Taking pleasure in the food we eat makes sense given the number of times we need to do it every day. The food we eat given our numbers has a massive impact on our shared environment. This includes the vast amount of land used for the purpose, the chemicals and energy used to grow it, jobs, transportation to markets, packaging, super markets, processing plants, waste processing and advertising. Despite the fact that we grow more food than we need to feed all people, many do not get enough to sustain life and die of starvation. Chemicals required to support farming practices in marginal growing areas are wreaking havoc with wildlife, water systems and human health.
It doesn't have to be this way. Growing food organically, minimizing our consumption of meat, and transforming consumptions patterns towards localization is occurring because it makes so much sense. Organic foods have entered the mainstream in a big way in recent years. Profits for organic growers are proving better and more sustainable. Quality and standards have improved to the point where consistency and availability of organic foods has increase steadily. Here is a simple way to make one of the biggest impacts towards a sustainable future.
As we've seen, the Union of Concerned scientist make clear that our consumption of fruits, vegetables and meats are on the top six list of consumer activities that we must transform in order to become sustainable. Fortunately, there are many benefits and reasons to move towards local organic foods.
One of the most shocking realizations I've become aware of is the high level of toxic chemical accumulation that comes from eating conventionally grown fruits and vegetables. It had been my understanding that these toxins could concentrate in animal meats including fish, chicken, beef and other meats since these were at the top of the food chain. What is even more disturbing is the potential for us humans to concentrate these toxins as we consume more and more chemicals in the fruits and vegetables we eat. Despite cleaning with prescribed levels of determination, the chemical residues or absorbed toxin are still present. Since we are at the top of the food chain, we accumulate these toxins in our bodies. Even trace amounts of some like lead can be deadly. Choosing to eat organics largely eliminates this danger. In terms of reduced health risk we would all be well advised to select organics where and whenever possible. These problems can be even more significant for our growing and developing children. For their sakes we need to provide them with the least toxic food as the potential dangers for growing and developing bodies can be even more severe.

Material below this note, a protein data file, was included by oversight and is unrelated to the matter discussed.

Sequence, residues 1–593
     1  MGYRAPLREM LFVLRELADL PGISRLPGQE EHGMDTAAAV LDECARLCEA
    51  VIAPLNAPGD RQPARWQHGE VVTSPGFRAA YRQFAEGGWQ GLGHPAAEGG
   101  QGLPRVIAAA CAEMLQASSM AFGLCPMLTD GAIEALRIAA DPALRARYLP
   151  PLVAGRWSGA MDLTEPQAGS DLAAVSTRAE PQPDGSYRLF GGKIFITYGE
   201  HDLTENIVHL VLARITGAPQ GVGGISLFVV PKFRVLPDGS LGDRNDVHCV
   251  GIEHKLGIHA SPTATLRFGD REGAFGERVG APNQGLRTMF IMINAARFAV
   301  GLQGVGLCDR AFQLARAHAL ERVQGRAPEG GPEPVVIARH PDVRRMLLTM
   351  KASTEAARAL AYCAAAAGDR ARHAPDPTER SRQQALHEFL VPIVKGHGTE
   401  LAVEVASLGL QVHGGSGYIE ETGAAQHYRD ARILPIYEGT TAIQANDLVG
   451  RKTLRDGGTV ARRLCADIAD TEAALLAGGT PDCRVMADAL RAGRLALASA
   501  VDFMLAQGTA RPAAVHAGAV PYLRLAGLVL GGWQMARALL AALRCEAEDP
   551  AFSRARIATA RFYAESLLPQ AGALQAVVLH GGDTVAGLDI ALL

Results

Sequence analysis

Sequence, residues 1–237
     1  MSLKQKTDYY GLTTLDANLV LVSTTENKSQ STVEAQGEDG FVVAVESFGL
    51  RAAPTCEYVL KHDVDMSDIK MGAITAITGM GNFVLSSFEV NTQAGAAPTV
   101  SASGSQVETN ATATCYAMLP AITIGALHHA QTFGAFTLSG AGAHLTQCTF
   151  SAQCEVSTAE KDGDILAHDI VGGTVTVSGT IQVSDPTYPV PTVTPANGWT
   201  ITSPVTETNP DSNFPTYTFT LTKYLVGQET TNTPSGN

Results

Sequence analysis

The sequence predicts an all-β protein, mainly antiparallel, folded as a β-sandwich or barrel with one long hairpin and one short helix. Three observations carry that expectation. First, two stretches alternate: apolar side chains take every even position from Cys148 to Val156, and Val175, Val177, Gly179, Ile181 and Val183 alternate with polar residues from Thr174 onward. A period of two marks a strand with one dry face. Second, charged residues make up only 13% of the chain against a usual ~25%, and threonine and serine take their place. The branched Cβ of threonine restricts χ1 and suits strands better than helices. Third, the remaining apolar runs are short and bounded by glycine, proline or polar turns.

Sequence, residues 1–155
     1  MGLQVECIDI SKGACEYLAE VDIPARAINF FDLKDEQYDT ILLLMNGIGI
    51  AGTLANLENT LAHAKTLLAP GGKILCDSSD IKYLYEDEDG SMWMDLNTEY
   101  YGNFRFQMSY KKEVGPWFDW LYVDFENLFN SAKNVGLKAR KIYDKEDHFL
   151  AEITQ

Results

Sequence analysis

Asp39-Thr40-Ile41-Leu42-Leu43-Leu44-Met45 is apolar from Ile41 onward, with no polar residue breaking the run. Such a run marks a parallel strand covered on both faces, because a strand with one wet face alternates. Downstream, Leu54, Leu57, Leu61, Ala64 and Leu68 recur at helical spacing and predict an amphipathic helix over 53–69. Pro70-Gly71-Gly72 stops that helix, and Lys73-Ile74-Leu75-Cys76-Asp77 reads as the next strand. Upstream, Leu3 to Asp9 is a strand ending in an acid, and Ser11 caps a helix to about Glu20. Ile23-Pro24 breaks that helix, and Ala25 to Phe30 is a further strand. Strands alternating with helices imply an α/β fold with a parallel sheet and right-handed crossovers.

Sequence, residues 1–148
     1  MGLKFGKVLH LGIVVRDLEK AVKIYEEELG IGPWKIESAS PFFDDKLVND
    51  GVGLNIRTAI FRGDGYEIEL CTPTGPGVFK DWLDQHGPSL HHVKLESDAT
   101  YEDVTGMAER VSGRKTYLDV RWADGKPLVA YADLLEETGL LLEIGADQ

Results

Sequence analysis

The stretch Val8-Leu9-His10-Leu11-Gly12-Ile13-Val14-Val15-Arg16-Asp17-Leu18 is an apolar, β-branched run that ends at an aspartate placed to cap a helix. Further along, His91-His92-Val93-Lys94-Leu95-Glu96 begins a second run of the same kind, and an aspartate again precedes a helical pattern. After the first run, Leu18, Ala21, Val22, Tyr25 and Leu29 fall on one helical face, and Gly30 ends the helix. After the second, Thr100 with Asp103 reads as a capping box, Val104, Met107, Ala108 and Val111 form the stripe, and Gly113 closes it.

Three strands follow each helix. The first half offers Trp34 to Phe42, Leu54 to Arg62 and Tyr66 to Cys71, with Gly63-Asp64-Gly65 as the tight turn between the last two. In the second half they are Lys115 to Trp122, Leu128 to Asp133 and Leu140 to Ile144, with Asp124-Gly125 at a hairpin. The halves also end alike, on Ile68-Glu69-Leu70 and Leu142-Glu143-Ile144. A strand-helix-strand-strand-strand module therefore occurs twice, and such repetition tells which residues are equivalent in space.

Your baby is perhaps the most vulnerable of all. If you have a baby or are planning to have one, do what we did many years ago now, start buying organic vegetables and fruits, learn how to process them. This is a great way to get to know organic brands, local organic markets, and more about the different options. Even within organics you'll need to take responsibility for reading the labels to determine the level of organics used, quality and nutritional levels. Even if it costs a little more isn't your growing baby worth it?
Additional concerns are now arising from the use of genetic modification. Genetics are being used to produce varieties that would not occur naturally. These genetic modifications once made, however, have been found capable of being transferred to crops outside their own fields. The potential dangers are unknown. Tampering with nature has pretty much always proven a bad idea. We simply don't know enough to understand the potential problems. Our mistakes litter the planet. Perhaps the best known was our use of DDT and its continued use in developing countries. In our local area the release of Asian lady bugs (actually beetles) to control Afids has resulted in their wide spread growth out of control since they don't appear to have any natural enemies.
Once you start to get used to eating organics you can't go back. You may be tempted by slightly lower prices of conventionally grown foods, but your taste buds will tell you the extra cost is worth it. That better, fresher, more natural, full flavor should tell you something is very right about organics. For cooking, locally grown, fresh organics make meals a delight.
The variety and nutrients in organic are better for you as well. Chemically grown produce simply does not have the variety of nutrients common to naturally grown organic foods. The reduced levels of processing and chemical in organics will also be much better for you.
There has been a great deal of growth in the organic foods sector. In our local supermarket the powerful "Presidents Choice" brand has made major moves with a new organics option. Our continued support and demand for these products will continue to broaden the options available. Supporting our local farmers is where it starts. Organic farmers deserve our support as their methods significantly reduce impact on land, reduce chemical buildup in our environments in the most direct way. Obviously supporting them will also help to build their industry, increase competition and increase public awareness of the benefits their local organic farm produce provides.